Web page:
The U.S. bail bonds system raises serious consumer protection concerns

> Posted by Allyse McGrath, Specialist, CFI

In a criminal justice system that accepts cash in exchange for temporary freedom, a predatory financial service has taken root and become yet another barrier. In the United States, bail bondsman and global insurance companies are netting between $1.4 billion and $2.4 billion annually from vulnerable people who are unable to pay the bail they need to remain out of custody before they are tried. This is not a new problem. It’s been going on since the early days of the modern U.S. criminal justice system.

Those accused of crimes are given an option to stay in jail or put up an amount of money (bail) for their release prior to trial. (It is important to note that people at this stage are presumed innocent under law.) The bail acts as a commitment device for people to show up to their court hearing. The bail amount is returned if the defendant shows up. If they do not, the court keeps it. Bail amounts vary greatly based on the severity of the crime in question as well as the potential flight risk of the accused party. The average bail amount for a felony arrest is about $10,000, roughly two months’ worth of the median annual income in the United States. In a study of nearly 30,000 cases where bail was set in New York City, only 37 percent of defendants could afford to pay bail.

Bail bondsmen provide a bond for people who are unable to pay the amount required but want to get out of jail prior to their court date. The bondsman pays the bail in exchange for a non-refundable payment of 10 percent of the full bail amount from the defendant. Once the defendant shows up in court, the bail bondsman receives the full payment back from the court, but the defendant is still on the hook for the non-refundable payment as well as any additional fees the bondsman has charged for services.

The United States has the highest incarceration rate in the world. In terms of pre-trial jailing, the country holds roughly 500,000 defendants in jail, which equates to about 153 pre-trial inmates for every 100,000 people in the population. This rate is substantially higher than that of other countries with populations above 10 million people. Canada and France, for example, each hold less than 50 people per 100,000 individuals in their respective countries.

Lurking behind these transactions is a system of risk sharing which places the burden on clients, through murky contracts and problematic client practices.

A 2017 report from the American Civil Liberties Union (ACLU) and Color of Change, a nonprofit civil rights advocacy organization, finds that the bail bonds business depends on large global insurance companies who provide the bondsmen with insurance cover against the risk that the defendant will not show up.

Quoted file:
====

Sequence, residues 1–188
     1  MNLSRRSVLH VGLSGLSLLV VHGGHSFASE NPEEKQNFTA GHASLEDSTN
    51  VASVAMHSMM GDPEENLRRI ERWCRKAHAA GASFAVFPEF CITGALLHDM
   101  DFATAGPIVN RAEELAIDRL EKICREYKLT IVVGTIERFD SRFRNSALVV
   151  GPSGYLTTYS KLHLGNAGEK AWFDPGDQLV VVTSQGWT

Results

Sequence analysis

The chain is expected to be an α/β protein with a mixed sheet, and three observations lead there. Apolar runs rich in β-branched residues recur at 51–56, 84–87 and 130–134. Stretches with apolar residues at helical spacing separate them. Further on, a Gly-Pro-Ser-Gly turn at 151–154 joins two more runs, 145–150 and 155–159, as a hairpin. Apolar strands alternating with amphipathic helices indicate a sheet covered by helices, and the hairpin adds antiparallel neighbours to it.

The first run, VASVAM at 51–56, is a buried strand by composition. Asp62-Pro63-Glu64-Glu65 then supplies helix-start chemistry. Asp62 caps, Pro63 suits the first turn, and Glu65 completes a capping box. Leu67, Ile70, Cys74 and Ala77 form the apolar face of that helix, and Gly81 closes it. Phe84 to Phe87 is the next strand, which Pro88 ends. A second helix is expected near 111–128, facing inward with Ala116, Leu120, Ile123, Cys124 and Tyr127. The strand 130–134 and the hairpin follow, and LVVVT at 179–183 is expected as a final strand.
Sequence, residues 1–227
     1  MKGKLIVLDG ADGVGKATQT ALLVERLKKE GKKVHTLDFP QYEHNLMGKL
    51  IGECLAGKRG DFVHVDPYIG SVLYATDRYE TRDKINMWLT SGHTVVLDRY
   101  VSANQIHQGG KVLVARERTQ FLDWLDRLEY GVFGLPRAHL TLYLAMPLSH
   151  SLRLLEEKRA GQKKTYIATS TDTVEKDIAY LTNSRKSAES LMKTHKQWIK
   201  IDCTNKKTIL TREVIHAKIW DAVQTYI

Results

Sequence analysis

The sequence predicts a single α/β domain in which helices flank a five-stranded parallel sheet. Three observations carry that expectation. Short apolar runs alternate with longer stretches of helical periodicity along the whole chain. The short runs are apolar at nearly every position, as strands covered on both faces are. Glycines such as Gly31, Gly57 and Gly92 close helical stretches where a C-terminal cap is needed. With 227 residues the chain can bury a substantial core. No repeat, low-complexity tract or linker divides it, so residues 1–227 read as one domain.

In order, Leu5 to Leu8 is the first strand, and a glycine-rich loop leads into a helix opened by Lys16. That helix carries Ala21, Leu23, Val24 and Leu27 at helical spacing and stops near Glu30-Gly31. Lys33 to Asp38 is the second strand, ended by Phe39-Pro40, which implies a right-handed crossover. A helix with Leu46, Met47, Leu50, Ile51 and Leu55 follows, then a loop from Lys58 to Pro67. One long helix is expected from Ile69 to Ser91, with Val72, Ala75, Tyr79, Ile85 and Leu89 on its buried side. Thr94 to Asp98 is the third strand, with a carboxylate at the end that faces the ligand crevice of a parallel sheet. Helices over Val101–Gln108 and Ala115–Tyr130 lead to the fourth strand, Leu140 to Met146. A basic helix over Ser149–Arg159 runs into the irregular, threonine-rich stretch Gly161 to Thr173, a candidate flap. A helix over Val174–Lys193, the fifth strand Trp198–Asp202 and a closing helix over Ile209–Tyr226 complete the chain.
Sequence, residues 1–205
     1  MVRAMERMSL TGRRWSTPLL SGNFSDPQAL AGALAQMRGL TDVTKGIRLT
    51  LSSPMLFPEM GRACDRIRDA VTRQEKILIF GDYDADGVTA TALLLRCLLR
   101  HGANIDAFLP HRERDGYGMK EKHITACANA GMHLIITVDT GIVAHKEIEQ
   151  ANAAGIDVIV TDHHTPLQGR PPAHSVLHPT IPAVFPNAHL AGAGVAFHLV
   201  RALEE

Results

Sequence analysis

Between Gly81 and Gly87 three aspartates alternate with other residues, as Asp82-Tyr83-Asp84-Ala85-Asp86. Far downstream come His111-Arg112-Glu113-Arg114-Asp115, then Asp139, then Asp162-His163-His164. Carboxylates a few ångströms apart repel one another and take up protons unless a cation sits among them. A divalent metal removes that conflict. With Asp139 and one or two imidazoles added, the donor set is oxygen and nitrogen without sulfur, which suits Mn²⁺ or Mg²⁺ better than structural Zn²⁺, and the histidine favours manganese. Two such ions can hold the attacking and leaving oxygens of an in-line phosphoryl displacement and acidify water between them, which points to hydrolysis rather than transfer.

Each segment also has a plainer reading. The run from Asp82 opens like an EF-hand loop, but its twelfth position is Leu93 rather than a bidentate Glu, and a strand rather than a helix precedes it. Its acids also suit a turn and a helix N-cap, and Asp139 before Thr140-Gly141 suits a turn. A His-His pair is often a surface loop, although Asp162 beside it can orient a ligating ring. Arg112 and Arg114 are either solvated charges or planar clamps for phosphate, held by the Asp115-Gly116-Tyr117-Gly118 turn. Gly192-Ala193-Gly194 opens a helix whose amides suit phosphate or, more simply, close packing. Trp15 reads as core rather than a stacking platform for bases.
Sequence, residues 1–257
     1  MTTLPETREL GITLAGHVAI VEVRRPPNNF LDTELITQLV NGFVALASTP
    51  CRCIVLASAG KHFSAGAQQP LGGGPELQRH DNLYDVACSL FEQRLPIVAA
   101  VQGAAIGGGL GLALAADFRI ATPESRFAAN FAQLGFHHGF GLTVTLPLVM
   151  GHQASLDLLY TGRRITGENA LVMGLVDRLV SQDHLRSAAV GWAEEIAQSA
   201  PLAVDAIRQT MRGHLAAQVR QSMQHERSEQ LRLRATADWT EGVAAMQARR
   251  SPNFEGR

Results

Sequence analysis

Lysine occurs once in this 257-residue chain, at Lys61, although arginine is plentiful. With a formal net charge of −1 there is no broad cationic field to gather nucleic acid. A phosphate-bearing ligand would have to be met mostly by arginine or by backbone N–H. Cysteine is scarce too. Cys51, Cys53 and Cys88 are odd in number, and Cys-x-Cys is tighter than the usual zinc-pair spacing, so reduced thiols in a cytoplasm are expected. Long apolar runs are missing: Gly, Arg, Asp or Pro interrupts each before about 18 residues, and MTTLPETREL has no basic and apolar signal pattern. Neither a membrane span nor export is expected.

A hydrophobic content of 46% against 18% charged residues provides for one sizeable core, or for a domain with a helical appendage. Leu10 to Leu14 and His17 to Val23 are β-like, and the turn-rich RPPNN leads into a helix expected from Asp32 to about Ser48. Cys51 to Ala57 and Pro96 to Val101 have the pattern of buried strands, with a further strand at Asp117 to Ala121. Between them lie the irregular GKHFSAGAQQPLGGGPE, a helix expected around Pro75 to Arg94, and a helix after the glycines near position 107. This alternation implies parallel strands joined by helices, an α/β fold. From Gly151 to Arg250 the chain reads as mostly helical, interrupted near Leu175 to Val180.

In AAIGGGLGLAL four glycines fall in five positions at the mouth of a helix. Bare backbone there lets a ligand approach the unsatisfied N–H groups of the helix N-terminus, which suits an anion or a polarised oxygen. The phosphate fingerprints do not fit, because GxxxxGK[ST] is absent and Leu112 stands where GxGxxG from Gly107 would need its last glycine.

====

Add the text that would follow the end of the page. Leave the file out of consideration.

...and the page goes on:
In order to limit their risks, bail bondsmen and the insurance companies backing them often lock people seeking bail and their families into invasive contracts. Often the contracts stipulate that those who receive bail bonds can be subject to invasive surveillance, such as searches without warrant and vehicle tracking. Additionally, defendants are regularly required to put up personal property such as vehicles or houses as collateral. In cases where the value of this property decreases, bail agents are permitted to re-arrest. Often bail agents hire bounty hunters, private contractors with little to no training, to do this work for them.

This practice was made famous by a reality television show called Dog the Bounty Hunter, which aired for 8 seasons on a well-known American cable network. The show documented the actions of Duane “Dog” Chapman, a bounty hunter paid by bondsmen to track down defendants who failed to show up to court. In searching for clips from the show online, you can find Chapman kicking down doors and fences and spraying pepper spray at those who he is out to “catch”.

Many of these practices violate the Client Protection Principles, which call for fair and respectful treatment of clients in the debt collection process. They also differ from those outlined in the Fair Debt Collection Practices Act, a federal law that outlines regulations for traditional credit products. In fact, the very practice of selling bail bonds is illegal in every country except for the United States and the Philippines. As are bounty hunters.

There is a spectrum of regulations on bounty hunters across states. In 18 states, there are virtually no statutory or administrative regulations on the practice. Some states regulate but don’t require bounty hunters to be licensed. In the case of Tennessee, bounty hunters don’t need a license but must undergo an eight-hour training each year from the Tennessee Association of Bail Agents.

Fortunately, bail reform is underway in most states, with several introducing new systems that use algorithms to assess flight risk instead of  bail-based systems. The commercial bounty hunter bail system is even banned in the four states of Illinois, Kentucky, Oregon, and Wisconsin. However, the bail bondsmen and insurance companies profiting from the current system are lobbying against reforms. The report from the ACLU and Color of Change states that the ten insurers that hold most of the market have built strong relationships with the American Legislative Exchange Council, a pro-privatization lobby, to maintain the system.

While complete reform may come slowly, regulation of the bail bonds industry and bounty hunters is urgently needed. Indeed, those accessing bail bonds should receive the same consumer protections as anyone else using financial services in the United States.

Image credit: Jeremy Brooks via Flickr

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